I think that trust is not a singular concept.  It is contextual and it also varies from person to person and enterprise to enterprise.  My risk preferences for, say, tech may be different from my risk preferences for bridge safety and both, in turn, may be different from yours, Bob.  Meanwhile, my preferences as an individual are different, yet again, from the preferences of an enterprise (like Duke University) much less from those of a government.  As a friend of ours, Herb Lin, put it the other day in a conversation: “would you trust a pencil made in North Korea?”  I might say “yes”; you might say “no”; and the US government might say “not in an ICBM launch silo.”

And then, too, the problem is not unitary – trust has many dimensions.  Here’s something that I wrote with Claire last year on the topic that captures the dimensions idea:  “First, [issues of trust] implicate questions of technical capacity and security – how are we to know that the manufacturers of a hardware or software system have designed and built it in a way that is secure against error, mistake, natural disruption, or deliberate external misconduct?  In other words, has the manufacturer performed competently? And has it done business only with suppliers that have performed competently?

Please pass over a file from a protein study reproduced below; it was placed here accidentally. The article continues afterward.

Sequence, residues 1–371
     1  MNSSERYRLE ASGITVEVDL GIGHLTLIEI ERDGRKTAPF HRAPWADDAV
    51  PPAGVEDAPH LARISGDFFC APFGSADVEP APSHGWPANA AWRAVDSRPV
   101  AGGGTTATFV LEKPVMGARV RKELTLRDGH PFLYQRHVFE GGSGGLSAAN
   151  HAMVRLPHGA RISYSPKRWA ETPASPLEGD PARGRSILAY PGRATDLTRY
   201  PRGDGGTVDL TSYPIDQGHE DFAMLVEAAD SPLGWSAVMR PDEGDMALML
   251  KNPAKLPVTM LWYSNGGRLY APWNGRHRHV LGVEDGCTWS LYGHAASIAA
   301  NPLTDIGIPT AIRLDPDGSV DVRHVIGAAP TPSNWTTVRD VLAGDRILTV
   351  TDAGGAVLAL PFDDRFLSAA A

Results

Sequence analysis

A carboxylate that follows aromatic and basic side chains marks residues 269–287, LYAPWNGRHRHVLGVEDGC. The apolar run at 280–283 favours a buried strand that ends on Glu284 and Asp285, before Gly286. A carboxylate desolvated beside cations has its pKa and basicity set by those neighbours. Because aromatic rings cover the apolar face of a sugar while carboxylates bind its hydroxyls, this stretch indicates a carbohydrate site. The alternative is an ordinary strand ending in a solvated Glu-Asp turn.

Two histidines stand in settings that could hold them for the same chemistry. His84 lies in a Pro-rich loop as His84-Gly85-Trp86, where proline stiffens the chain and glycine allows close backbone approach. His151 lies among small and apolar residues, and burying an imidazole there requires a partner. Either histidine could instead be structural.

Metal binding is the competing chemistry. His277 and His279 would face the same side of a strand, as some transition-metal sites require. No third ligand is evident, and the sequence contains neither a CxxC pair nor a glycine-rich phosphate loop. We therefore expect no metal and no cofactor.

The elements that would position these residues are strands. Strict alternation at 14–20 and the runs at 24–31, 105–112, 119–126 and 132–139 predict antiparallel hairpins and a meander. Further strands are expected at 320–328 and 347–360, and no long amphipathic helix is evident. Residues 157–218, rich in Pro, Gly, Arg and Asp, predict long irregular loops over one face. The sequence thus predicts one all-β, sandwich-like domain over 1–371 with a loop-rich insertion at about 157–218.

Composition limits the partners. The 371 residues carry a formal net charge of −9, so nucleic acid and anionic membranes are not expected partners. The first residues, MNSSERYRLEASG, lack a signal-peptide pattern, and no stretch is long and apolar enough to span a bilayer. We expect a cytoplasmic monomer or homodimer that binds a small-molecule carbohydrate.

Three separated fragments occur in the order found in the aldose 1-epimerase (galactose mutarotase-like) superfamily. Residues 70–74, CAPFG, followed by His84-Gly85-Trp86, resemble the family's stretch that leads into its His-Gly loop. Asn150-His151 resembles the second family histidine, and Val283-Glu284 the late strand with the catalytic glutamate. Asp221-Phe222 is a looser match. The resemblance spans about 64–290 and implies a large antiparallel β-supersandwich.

Second, is the question of corporate intent – how are users to be assured that manufacturers have not constructed and marketed a system that affords the manufacturer privileged access and control?  In other words, is the software or hardware intended to benefit the end user or does the manufacturer see a value to be gained for itself from the design?